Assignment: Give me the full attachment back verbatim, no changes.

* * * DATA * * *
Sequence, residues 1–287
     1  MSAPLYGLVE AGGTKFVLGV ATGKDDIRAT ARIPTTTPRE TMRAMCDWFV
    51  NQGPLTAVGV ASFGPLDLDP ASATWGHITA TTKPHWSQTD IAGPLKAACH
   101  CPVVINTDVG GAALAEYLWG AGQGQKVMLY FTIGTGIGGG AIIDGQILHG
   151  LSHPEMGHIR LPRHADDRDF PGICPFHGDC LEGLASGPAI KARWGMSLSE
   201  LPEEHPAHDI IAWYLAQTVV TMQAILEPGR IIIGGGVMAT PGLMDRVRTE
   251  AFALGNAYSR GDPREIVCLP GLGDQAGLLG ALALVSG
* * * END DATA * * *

Sequence, residues 1–287
     1  MSAPLYGLVE AGGTKFVLGV ATGKDDIRAT ARIPTTTPRE TMRAMCDWFV
    51  NQGPLTAVGV ASFGPLDLDP ASATWGHITA TTKPHWSQTD IAGPLKAACH
   101  CPVVINTDVG GAALAEYLWG AGQGQKVMLY FTIGTGIGGG AIIDGQILHG
   151  LSHPEMGHIR LPRHADDRDF PGICPFHGDC LEGLASGPAI KARWGMSLSE
   201  LPEEHPAHDI IAWYLAQTVV TMQAILEPGR IIIGGGVMAT PGLMDRVRTE
   251  AFALGNAYSR GDPREIVCLP GLGDQAGLLG ALALVSG